Feeling and Dreaming Myself into Life


Remedios Varo, [Self-] Encounter
Dream #198: “Hiding From the Enemy”Someone desecrates my small, primitive wooden house and ransacks my possessions while I’m away teaching writing classes. It’s a dark night and the enemy is looking for me. I’m in danger. I hide, lying flat on the ground, pressed against the outside wall of the classroom, afraid to breathe or make a sound. My tribe values my contribution and won’t give me away.

I dreamed this in January of my last year of teaching writing in college (classroom). I wanted a tenure-earning position as a professor, and although many signs pointed to the unsuitability of this job for me (house) I was still reluctant to give up on my goal. I felt I would be letting everyone (my tribe) down, most of all myself, by not continuing to teach.

In dreams, houses represent the psychological condition in which we’re living. So I see that my inner life is cramped and primitive. Moreover, it’s a mess. But instead of trying to fix it up, what am I doing? Hiding in terror behind a classroom! The dream said my ego regarded anything (enemy) that prevented me from pursuing my chosen career as a dangerous threat. The Self knew that my creative and reflective instincts were not fulfilled in teaching. But my ego didn’t know that. The Self felt like an enemy that wanted to destroy my goals. I was hiding from the truth and pursing a career that was not right for me. I didn’t fully understand this dream right away, but it made me more aware of disowned feelings about my career.

Many of us live lives that are not right for us because we want to impress, please, or prove something to our tribe — our families, friends, and mentors. This is the sign of an ego in the early stages of soul-making, when we are unconscious of our underlying needs and motivations and unaware of the authority and wisdom of the Self. We don’t know or trust the Self. We don’t believe it’s in charge, and we’re afraid it might want something different for us than what we believe we must have.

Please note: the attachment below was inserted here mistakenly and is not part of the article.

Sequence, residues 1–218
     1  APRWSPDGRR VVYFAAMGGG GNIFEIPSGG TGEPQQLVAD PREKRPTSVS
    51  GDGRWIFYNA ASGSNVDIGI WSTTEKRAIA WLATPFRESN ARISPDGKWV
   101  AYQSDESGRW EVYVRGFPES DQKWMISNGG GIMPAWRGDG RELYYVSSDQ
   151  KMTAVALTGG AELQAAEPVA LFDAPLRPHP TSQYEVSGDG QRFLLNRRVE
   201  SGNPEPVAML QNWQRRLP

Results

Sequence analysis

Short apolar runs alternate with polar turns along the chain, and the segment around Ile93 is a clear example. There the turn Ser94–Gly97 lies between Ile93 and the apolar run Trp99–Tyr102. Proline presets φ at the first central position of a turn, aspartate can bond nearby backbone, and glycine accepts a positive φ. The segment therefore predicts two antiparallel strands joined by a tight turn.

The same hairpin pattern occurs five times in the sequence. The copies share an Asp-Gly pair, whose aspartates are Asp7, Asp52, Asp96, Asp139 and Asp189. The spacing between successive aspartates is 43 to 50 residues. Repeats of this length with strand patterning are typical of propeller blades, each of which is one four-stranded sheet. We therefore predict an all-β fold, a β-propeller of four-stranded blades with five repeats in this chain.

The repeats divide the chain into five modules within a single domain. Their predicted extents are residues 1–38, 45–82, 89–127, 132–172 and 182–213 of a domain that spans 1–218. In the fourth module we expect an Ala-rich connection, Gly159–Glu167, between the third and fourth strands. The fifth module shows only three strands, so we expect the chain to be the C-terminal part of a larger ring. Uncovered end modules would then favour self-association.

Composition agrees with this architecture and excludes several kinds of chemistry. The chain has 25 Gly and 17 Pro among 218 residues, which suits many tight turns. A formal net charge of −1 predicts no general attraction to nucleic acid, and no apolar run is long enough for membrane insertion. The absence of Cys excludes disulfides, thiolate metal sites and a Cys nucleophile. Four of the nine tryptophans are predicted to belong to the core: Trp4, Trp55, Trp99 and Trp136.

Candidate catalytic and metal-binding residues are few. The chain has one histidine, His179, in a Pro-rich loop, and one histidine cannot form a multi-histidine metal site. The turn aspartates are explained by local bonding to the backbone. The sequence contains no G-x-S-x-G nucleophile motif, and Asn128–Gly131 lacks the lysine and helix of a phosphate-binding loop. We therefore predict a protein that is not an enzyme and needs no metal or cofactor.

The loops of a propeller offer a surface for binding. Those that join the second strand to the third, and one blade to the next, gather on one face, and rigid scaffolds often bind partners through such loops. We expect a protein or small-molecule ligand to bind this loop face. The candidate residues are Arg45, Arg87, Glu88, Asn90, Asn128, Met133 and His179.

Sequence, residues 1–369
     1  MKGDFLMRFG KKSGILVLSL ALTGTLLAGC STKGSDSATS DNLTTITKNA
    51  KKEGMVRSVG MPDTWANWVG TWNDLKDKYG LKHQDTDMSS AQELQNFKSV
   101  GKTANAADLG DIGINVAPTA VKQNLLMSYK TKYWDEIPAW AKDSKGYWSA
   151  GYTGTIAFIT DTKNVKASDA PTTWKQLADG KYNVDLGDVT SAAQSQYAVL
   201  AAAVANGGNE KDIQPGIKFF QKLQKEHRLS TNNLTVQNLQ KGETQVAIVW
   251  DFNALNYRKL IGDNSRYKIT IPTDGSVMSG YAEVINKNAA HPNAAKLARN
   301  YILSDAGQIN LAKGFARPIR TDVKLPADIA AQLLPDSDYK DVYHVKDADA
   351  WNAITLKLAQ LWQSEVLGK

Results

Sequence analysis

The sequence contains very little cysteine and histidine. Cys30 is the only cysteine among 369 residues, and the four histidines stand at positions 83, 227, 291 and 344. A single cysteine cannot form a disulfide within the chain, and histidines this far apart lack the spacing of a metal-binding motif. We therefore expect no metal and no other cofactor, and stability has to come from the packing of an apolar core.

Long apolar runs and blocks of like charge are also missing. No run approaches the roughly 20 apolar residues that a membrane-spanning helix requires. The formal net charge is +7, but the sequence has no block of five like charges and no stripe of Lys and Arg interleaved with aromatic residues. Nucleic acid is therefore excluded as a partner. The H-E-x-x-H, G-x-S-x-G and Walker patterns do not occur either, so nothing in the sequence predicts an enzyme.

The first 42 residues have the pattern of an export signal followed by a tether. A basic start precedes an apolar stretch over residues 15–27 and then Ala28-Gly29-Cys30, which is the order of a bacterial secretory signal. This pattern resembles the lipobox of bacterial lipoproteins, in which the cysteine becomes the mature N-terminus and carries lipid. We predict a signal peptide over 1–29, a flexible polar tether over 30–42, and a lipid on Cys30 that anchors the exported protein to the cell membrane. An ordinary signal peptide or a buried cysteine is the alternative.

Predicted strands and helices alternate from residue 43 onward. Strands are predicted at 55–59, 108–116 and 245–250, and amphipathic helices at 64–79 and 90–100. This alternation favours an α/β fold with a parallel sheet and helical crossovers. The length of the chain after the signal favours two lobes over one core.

Anything and anyone that obstructs our progress in achieving our goals is a blow to our ego and feels like a dangerous threat. It does not occur to us that these obstacles might be messages from the Self. We are convinced that our ego is the only one who knows what we need and is capable of obtaining it. Since we don’t know or trust the Self, we judge ourselves by the standards of others while ignoring our own feelings. Our measure of success is whether or not others admire and approve of us. If they do, we feel proud of our accomplishments and remain almost completely unaware of our inner dissatisfaction. The Self wants us to develop our hidden potential in activities that are satisfying to us. If we pay attention to our dreams — gifts from the Self created especially for us — the Self will guide us, easily and naturally, toward our spiritual destiny — our heart’s desire. Ultimately we realize this was our ego’s desire all along. We just didn’t know it.

My solution was deceptively simple and came in its own sweet time. I tolerated the tension between my ego and my Self without shutting down or rushing to premature closure. When I discovered Jungian psychology and dreamwork I took the symbols and images of my dreams seriously and attended to the emotions they elicited. The better I understood the Self, the easier it got to choose what honored my inner life as much as my outer one.